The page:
The witch was shaking her head, but Katrine also knew that if you honoured their spirits and ate their hearts, the dead would give up their secrets.
She bent down and picked up the broken bottle. The witch had no daughters to inherit her powers, so when her time was done the magic would simply fade with her into the soil, gone forever.
Waste was a crime, was it not? To allow such a thing to occur would be to spurn the gift of the gods. Surely that was an evil worse than all others.
Katrine closed her hand around the sparkling shard of glass and made sure that the magic would not be lost.
She returned home with a belly full of meat and a mind full of power. Aron was waiting at the cottage door, but he trembled when he saw her, and his smile disappeared like sun behind stormcloud.
His eyes widened. ‘What have you done, Katrine?’
‘The old woman is gone from the forest,’ she said. ‘I am the witch now.’
She held out her arms, but he shrank from her.
‘Come,’ she chided, ‘it is only blood. It will wash away.’
‘From your skin, yes,’ he said. ‘But from your heart? From your soul?’ He shook his head. ‘What have you done?’ he whispered again.
She watched him turn from her, his muscles tensing as if to run.
She raised her hand. ‘No,’ she said. ‘You will not leave me. You will never leave me.’ The words thrummed in her mouth, and she spat blood upon the ground.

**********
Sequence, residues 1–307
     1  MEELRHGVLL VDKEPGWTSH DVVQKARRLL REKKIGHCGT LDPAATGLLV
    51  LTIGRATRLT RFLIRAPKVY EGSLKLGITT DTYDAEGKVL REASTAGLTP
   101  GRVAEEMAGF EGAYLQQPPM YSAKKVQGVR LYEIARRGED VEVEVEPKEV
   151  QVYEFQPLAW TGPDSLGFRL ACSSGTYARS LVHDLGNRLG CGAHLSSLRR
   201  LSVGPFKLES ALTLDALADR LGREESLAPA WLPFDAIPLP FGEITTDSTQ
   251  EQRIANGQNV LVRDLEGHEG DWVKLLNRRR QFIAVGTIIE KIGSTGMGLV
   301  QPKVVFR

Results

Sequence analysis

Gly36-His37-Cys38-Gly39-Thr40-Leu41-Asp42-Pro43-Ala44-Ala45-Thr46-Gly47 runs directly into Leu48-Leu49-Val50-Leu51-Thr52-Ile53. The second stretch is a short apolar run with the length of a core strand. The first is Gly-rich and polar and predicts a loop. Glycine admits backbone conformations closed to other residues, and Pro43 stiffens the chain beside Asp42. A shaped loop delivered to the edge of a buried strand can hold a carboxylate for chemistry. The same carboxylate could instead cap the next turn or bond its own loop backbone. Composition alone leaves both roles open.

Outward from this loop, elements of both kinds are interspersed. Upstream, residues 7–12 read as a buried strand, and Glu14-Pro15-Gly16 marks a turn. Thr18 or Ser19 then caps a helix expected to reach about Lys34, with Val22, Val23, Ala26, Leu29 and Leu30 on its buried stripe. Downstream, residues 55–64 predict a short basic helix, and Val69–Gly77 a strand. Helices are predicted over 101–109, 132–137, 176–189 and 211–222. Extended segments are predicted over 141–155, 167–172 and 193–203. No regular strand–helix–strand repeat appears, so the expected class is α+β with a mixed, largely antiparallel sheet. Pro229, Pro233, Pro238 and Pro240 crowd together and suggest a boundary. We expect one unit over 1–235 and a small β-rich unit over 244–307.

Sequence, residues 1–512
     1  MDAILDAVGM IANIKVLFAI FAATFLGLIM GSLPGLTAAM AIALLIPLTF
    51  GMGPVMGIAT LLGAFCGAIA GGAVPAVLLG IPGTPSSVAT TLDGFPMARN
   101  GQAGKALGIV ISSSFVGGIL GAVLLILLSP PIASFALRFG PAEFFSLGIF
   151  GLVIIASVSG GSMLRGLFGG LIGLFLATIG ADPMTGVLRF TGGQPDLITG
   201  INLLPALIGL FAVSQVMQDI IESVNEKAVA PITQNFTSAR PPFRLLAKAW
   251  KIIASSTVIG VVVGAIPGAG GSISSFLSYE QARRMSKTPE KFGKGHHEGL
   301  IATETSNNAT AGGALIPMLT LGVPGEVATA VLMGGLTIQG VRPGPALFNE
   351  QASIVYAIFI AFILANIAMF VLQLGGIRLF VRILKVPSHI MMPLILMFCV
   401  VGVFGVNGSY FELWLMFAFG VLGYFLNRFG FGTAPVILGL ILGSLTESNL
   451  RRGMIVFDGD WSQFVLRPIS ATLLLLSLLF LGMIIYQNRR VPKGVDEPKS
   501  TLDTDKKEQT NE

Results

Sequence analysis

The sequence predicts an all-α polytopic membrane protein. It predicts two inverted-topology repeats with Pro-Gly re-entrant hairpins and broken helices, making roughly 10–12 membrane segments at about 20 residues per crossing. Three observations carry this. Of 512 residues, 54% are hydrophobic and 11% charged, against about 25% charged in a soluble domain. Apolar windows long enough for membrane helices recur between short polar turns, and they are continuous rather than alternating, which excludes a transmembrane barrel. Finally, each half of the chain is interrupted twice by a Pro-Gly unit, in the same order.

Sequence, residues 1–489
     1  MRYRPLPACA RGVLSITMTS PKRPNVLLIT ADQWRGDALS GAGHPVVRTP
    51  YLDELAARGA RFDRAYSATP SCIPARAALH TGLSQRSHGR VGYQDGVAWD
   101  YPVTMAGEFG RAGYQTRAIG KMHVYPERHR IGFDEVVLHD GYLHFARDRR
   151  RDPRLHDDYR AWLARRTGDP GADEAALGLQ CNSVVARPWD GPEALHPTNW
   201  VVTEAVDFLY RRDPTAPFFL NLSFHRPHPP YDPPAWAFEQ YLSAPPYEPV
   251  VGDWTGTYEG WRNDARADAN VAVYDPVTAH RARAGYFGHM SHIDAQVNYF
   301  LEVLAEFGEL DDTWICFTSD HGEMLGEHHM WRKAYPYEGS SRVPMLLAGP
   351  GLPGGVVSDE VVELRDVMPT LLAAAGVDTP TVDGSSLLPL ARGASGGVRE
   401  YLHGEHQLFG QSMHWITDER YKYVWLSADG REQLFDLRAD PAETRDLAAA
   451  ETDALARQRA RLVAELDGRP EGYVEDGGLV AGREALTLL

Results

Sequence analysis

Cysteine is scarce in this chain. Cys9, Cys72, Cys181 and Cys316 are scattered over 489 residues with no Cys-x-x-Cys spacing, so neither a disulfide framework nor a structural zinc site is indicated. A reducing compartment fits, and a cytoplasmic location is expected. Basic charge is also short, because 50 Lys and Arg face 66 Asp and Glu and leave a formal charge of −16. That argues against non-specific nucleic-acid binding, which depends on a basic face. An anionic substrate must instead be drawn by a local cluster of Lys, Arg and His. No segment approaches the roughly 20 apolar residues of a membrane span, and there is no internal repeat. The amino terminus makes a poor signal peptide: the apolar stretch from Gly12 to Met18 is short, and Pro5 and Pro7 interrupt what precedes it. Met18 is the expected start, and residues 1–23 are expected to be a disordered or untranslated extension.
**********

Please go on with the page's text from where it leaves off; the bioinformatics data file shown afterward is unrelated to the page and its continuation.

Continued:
Aron stilled, as prey before the hunter.
Katrine held out her arms again, and this time he came into her embrace. But he shivered at her touch, and his lips tasted of fruit left to rot in the sun.
Afterwards, he gazed at her with a kind of wonder. But it was not as he once had. ‘You are ugly,’ he said. ‘How could I never have seen this before?’
She looked to the mirror above their bed and it reassured her that his words were not true, but it did not ease their sting.
Katrine sat up and pulled the covers around herself. He watched her, fear and disgust taking turns to twist his features. She closed her eyes and let her head drop to her knees. ‘Do not look at me so,’ she said. ‘I cannot bear it. Go away now, leave me alone.’
Aron laughed, loud and bitter. ‘That I cannot do,’ he said. ‘You have seen to it.’
Katrine wept, and he did not comfort her.
The year aged, and grew colder. Ice formed around the cottage as it had around their hearts. Aron did not hunt, or fish, or go to market.
‘Leave me,’ she said, but her words were no longer rich with stolen magic and however hard she tried, the spell would not break.
‘I did not want this,’ she raged at the moon, but if it heard her it offered no answer.
She still made honey wine, and the pantry shelves gradually filled with bottles. The birds sang no longer, but the sound of glass smashing on stone had a musical charm of its own.
She called Aron to her side and he came swiftly, as he always did. She cupped his cheek and said that she loved him, and told herself she did not notice how he flinched.
The shard flashed in her hand as it had once before, and the frozen soil of her garden was nurtured with warm blood. ‘You loved me too, once,’ she said as he fell. ‘But Death parts all lovers, come the end.’
Katrine went back inside her cottage and cried for all she had lost. With her head bowed and her eyes clouded, she did not see the shape rise from the ground and pause at the window.
‘Not all,’ it said.
This story originally appeared in Daily Science Fiction.